The four-week running average, which flattens volatility in the weekly numbers, was 363,750. That's 5,500 down from the previous week's revised average of 369,250.
In all jobless benefit programs, federal and state, the total number of people makes continuing claiming for the week ending July 28 was 5,680,545. That's down 69,782 from the previous week. That doesn't mean, however, that an extra 70,000 got jobs, however. Many out-of-work Americans are exhausting their benefits. Some of those continue to look for employment, but many drop out of the labor market altogether and are no longer counted in the unemployment numbers even though they may still want jobs.
Meanwhile, housing starts took a 1.1 percent drop in July, the Commerce Department announced. They were on an annualized pace of 746,000. The numbers dropped "unexpectedly," reports say. That's a word used a whole lot about economic statistics of various sorts over the past four years. It's a worrisome sign made worse by the fact that previous figures on starts for June and May were both revised down:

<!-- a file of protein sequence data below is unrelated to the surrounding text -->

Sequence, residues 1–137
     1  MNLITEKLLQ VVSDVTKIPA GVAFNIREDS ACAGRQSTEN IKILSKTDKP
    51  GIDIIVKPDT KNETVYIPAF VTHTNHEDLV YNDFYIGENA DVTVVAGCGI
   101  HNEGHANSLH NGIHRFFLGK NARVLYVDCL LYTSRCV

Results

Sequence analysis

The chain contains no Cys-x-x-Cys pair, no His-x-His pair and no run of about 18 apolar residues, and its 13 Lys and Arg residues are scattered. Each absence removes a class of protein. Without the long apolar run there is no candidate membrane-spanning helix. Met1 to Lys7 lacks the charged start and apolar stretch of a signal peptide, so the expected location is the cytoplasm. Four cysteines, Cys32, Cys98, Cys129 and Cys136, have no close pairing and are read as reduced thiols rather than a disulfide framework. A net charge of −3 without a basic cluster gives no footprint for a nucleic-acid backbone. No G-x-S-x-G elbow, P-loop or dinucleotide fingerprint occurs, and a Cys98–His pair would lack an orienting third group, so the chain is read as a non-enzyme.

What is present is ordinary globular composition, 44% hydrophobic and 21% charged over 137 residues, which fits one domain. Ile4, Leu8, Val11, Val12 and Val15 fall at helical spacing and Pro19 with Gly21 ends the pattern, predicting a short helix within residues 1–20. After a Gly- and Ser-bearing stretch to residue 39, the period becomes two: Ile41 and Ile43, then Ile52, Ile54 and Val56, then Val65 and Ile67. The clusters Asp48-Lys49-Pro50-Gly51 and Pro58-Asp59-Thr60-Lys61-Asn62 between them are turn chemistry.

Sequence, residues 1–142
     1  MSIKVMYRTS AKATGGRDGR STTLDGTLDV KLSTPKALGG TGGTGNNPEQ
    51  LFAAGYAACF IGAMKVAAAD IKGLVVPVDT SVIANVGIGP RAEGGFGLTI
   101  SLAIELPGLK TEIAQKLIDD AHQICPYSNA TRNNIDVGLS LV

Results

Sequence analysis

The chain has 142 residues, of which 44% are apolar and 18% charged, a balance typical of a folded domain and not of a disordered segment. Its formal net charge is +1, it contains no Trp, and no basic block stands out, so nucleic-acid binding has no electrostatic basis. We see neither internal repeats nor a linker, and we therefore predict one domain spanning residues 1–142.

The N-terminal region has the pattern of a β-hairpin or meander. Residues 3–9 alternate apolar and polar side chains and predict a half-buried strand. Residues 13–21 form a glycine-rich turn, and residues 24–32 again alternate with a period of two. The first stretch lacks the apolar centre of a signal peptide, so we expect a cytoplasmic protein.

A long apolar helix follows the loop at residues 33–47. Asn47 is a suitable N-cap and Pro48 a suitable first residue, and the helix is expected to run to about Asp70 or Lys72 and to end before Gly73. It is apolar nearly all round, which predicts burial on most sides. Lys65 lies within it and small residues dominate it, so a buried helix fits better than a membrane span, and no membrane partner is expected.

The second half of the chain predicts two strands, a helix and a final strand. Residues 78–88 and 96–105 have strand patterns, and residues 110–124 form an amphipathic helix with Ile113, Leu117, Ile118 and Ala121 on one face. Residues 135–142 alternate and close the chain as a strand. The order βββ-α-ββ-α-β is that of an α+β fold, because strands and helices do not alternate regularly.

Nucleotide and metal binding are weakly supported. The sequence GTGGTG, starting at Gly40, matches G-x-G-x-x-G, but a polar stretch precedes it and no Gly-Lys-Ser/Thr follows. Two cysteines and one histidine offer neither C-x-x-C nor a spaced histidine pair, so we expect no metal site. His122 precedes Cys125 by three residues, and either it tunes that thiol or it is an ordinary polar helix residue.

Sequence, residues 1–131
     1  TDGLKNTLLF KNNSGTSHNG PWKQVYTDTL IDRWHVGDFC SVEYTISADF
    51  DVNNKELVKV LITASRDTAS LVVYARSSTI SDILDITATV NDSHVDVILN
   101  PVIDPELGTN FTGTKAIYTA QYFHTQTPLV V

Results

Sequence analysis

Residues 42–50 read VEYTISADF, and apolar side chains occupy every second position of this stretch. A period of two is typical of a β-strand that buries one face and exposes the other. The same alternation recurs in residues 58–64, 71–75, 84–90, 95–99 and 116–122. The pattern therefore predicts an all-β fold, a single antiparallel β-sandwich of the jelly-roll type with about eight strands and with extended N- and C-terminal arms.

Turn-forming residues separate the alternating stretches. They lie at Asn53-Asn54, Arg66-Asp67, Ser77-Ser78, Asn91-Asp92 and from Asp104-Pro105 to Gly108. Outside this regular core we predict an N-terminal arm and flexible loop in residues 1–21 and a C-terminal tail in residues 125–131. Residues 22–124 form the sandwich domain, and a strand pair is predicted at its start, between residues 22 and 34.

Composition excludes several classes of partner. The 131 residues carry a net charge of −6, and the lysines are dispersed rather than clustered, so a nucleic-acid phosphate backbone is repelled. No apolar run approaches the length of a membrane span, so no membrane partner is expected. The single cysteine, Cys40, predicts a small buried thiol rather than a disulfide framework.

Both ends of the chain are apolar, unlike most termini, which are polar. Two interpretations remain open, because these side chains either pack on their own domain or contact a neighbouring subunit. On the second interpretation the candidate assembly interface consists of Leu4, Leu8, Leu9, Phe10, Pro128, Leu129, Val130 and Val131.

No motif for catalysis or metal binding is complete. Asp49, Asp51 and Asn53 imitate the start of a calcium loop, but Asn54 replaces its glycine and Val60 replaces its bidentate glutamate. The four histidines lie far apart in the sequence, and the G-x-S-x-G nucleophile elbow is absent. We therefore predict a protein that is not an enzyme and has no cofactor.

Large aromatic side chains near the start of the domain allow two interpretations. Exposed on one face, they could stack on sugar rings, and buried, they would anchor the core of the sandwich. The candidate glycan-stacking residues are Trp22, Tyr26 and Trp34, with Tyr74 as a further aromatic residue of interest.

There were also some positive signals in Thursday's report. New permits for building homes rose 6.8 percent in July to a 812,000 unit pace, the highest rate since August 2008.The low point for annualized housing starts was 478,000 in April 2009. The average over the past half century, beginning in 1959, has been 1.5 million new houses a year.
But in the readings on groundbreaking of new homes, the government revised lower its estimates for recent months. Starts during June was revised down to a 754,000-unit pace from a previously reported 760,000-unit rate. Mays reading was also revised lower to a 706,000-unit pace.